Laura Millerick: Take Your Eventer Foxhunting

Laura Millerick sent in a great post about why you should consider foxhunting your eventer this hunt season. Her arguments make a lot of sense: It sure beats endless trot sets and 20-meter circles in the indoor. Do you foxhunt your eventer in the off season? If you haven’t, would you consider trying it after reading Laura’s post? Thanks for writing, Laura, and thanks for reading!

Laura Millerick and Declan, her 6-year-old Irish Sport Horse, out with the Middleburg Hunt. Photo courtesy of Middleburg Hunt Photo.

From Laura:

Don’t know what to do this winter? Take your eventer foxhunting! I know, I know, it may seem crazy, but hear me out. What to do when the competition season ends and it gets cold is a question that plagues all of us. Like most, I will not be making the Great Migration to the south for the chillier months, but that’s okay with me since I look forward to hunt season as much as the start of event season.  There’s a lot of reasons why trying hunting with your eventer may be a really great thing for both you and your horse, and they may surprise you.

1. Improve your horse’s independence

When you listen to top riders and trainers talk about starting and educating young horses, you’ll hear a lot about how important it is for them to be able to think for themselves, to know how to be quick on their feet and get themselves out of a sticky situation that may not have gone exactly as planned. You won’t be able to micromanage what your horse is doing much since there’s a lot you have to be paying attention to, like what the Field Master is doing, where the hounds are and so on. You may be surprised at how your horse steps up to the plate when left to make some of his own decisions.

The first event horse I took hunting was young and somewhat aloof when jump schooling. He was a great jumper, but he didn’t pay attention to striding at all or where he was putting his feet, and he was really hard to adjust. I will always distinctly remember my shock when we were going to a coop in our second season of hunting together and I felt my horse do a flying lead change and balance himself to the base of the jump without me doing a thing. His improved awareness of what he was doing not only improved our cross country, but also our show jumping quite a bit.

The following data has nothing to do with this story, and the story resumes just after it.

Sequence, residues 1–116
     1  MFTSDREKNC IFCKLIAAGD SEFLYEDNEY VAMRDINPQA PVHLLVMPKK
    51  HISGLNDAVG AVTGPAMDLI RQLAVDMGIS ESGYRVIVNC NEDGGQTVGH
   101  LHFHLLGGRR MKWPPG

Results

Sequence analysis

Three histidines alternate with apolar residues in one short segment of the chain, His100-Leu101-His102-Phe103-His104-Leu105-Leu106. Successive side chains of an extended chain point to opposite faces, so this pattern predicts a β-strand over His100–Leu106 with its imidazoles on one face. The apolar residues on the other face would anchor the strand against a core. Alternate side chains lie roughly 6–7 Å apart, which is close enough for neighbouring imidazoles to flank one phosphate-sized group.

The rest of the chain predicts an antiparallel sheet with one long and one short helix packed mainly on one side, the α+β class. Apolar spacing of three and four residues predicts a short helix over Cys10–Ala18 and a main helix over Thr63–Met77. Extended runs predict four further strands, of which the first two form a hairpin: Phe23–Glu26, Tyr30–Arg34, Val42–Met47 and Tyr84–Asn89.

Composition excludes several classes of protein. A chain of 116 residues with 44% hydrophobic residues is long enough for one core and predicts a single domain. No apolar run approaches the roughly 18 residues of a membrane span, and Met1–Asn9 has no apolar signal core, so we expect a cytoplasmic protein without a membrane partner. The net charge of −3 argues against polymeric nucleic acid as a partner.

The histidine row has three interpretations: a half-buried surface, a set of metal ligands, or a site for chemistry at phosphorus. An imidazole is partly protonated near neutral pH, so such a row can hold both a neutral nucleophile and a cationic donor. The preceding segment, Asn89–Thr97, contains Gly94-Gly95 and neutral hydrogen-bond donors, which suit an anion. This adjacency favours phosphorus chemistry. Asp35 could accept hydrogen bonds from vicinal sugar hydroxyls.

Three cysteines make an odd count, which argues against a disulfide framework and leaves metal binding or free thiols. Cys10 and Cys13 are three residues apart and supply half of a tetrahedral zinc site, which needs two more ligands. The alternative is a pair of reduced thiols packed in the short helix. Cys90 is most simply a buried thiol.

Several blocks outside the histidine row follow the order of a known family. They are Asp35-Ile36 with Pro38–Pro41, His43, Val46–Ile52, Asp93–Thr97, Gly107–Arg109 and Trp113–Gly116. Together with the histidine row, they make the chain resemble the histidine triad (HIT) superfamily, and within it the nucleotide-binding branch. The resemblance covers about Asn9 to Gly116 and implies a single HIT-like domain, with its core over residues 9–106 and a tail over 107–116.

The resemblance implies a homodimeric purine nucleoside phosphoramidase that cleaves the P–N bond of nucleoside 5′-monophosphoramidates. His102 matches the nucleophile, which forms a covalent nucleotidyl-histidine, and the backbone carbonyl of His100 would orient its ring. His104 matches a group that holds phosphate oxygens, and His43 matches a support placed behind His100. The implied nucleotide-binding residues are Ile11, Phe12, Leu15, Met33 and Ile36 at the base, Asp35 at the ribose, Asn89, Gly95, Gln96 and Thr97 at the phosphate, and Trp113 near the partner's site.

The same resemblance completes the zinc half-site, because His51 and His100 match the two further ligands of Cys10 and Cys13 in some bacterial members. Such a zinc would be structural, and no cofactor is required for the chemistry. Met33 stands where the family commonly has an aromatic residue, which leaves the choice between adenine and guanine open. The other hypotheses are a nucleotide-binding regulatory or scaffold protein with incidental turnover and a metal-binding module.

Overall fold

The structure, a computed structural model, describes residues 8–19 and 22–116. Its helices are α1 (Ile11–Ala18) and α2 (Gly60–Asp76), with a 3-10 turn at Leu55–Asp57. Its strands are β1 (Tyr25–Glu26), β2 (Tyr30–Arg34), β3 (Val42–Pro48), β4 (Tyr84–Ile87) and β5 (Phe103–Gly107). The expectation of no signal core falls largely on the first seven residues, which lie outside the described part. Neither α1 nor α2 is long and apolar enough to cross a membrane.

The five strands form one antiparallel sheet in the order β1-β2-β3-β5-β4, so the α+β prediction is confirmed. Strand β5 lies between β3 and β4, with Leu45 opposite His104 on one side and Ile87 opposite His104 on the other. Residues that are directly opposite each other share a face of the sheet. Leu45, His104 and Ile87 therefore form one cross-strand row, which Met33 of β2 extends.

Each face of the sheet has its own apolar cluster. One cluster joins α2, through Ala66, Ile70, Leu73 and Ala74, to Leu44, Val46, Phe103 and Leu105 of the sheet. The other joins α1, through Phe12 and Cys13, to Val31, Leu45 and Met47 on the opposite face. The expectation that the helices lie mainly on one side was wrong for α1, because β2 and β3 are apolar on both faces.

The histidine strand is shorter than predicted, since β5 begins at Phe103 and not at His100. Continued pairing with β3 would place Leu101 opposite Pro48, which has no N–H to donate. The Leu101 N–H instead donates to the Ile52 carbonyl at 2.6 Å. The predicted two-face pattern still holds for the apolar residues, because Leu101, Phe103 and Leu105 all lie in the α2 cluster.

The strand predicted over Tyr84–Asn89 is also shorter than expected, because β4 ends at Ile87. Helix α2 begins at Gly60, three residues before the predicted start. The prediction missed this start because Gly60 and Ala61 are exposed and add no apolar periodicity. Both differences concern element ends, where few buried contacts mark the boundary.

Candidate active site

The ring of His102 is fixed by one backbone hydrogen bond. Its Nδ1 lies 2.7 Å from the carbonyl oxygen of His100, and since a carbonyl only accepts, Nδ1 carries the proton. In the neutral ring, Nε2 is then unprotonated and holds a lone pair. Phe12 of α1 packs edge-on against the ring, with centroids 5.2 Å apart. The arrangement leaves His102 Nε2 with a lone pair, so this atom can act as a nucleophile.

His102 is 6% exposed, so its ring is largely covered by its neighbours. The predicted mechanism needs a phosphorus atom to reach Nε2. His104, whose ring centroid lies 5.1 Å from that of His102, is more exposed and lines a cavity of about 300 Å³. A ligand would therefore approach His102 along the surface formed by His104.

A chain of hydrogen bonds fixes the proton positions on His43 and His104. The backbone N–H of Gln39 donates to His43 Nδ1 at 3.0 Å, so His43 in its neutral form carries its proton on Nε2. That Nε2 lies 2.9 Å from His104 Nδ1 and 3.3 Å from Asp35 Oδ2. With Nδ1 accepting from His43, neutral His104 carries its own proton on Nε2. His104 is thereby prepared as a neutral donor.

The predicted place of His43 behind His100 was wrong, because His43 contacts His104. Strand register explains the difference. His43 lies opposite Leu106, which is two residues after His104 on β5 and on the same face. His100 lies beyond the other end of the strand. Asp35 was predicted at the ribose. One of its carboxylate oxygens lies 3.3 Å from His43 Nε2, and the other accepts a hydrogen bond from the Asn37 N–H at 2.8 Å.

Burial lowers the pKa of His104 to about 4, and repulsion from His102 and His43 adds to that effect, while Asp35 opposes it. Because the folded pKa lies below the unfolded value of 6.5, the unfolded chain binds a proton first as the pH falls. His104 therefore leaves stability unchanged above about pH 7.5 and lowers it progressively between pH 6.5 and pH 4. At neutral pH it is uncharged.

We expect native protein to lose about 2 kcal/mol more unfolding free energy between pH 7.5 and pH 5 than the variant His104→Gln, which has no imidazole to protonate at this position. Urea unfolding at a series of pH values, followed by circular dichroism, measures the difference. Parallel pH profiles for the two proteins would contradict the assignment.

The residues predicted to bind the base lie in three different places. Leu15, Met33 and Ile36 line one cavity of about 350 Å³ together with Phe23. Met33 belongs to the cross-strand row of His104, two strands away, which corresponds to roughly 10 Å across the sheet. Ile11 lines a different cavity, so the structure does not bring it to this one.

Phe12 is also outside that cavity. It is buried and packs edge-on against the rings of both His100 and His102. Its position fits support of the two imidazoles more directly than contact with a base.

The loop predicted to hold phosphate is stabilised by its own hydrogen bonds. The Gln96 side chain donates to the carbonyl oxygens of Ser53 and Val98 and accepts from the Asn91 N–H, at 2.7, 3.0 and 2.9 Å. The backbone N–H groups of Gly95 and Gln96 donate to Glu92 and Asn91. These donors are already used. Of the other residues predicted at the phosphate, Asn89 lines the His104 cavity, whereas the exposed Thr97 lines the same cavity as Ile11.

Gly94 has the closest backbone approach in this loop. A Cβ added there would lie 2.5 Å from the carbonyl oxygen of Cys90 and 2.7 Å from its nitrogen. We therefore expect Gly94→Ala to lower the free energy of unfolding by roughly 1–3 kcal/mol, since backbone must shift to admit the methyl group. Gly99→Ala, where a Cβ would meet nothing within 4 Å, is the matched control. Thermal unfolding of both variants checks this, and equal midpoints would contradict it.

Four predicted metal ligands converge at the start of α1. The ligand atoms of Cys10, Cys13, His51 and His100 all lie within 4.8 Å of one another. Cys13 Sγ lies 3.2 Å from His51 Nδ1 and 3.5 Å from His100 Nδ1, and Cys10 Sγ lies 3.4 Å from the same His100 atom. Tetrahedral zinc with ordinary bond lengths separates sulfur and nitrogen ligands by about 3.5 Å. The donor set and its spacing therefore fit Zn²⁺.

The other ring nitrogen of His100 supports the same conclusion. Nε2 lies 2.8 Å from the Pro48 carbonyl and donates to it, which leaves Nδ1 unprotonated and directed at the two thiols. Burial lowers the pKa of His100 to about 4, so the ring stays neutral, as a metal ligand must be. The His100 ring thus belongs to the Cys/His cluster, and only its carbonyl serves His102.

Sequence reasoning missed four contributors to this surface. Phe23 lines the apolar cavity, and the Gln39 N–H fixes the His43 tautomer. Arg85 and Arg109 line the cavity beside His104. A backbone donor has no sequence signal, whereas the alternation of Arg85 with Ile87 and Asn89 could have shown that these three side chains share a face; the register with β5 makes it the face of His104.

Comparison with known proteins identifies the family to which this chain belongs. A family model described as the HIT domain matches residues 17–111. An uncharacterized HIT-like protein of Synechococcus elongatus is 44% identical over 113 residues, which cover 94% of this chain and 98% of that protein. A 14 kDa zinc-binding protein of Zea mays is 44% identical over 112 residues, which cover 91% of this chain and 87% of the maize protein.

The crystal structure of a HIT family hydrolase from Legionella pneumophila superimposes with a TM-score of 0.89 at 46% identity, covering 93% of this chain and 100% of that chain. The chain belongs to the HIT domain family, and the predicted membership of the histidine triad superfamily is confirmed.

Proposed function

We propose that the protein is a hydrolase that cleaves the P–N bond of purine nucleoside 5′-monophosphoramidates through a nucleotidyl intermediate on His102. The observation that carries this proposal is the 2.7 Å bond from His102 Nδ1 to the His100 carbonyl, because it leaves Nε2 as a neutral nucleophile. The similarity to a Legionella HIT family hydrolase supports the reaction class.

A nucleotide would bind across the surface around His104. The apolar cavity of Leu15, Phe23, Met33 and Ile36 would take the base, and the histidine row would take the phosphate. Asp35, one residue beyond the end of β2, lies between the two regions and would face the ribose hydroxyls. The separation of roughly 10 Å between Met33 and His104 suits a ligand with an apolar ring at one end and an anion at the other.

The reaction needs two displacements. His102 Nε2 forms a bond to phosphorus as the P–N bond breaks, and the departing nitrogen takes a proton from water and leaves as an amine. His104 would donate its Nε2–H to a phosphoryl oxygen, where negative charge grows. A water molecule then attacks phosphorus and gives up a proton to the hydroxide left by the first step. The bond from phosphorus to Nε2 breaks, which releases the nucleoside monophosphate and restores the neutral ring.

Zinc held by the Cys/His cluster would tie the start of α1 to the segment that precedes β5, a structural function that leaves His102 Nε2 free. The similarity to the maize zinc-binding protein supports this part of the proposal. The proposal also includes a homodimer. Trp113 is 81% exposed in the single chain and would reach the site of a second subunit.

2. Conquering bogeys and resetting expectations

It’s easy to form impressions of our horses that will never go away if we never change our approach. We can get used to thinking certain things about our horses — that they hate mud, they get spooky at shows, they hate grass arenas, they’re terrified of ditches or water, etc., etc. These behaviors often turn into a vicious cycle since we begin to expect it of them, which they then pick up on. When you’re out in the hunt field traveling with a group of other horses, you’d be shocked how quickly your horse will forget how much he hates mud or is TERRIFIED of water when he’s more focused on keeping up with the field. They will remember that experience and learn from it the same as if you were working through it cross-country schooling and, hopefully, it will be a completely positive memory since you didn’t have to work through him stopping and snorting at a water jump.

Events may not be so stressful anymore after he survived hunting in a big group with hounds running and baying everywhere. This will then reset your expectations of your horse. You’ll no longer think of him as a horse that spooks at water or stops in the mud because he blazes through it in the huntfield, and you may find yourself riding more confidently and successfully as a result. You’ll likely improve across country as well, particularly in your balance riding over terrain, and may even get over some of your fears. Uncomfortable riding down hills at speed? You won’t be after hunting — that I can guarantee from experience!

3. Staying fit without a bazillion trot sets

Unless you’re intending to give your horse the winter off, keeping him and yourself fit can be a boring routine of trot sets, over and over and over again. Trust me — hunting will completely change that. Hunting is hard, for both the horse and the rider. You spend a lot of time travelling quickly across very varied terrain, which will keep the horse fit for obvious reasons, but it will also keep you fit since you’re spending a lot of time out of the tack.  It will almost completely eliminate the period of legging up we usually expect at the start of event season if you’ve been hunting all winter.

4. It’s FUN.

To me, this is the most important factor. It’s fun for you and it’s fun for your horse. Hunts generally are made up of wonderful, welcoming people that ride because they love it and are first and foremost there to have a good time. It will turn winter from that boring season where we do trot sets and work on dressage to hunt season and give you something to look forward to year round.

Of course, there is the necessary disclaimer that not all horses will love hunting. A horse that HATES dogs, kicks or loses his mind in groups would probably not be well-served by being taken hunting. Your horse may take a couple times out to realize how much fun it is, but a lot of them really do take to it, and there’s lots of great lessons to be learned in the hunt field. So, if you think anything that I just mentioned above sounds like it might be good for you or your horse, email the secretary for your local hunt and ask about permission to cap (hunt as a visitor) with them. Once they’ve given the okay, throw in some road studs and kick on; we’d love to see you in the hunt field!

Comments

Leave a Reply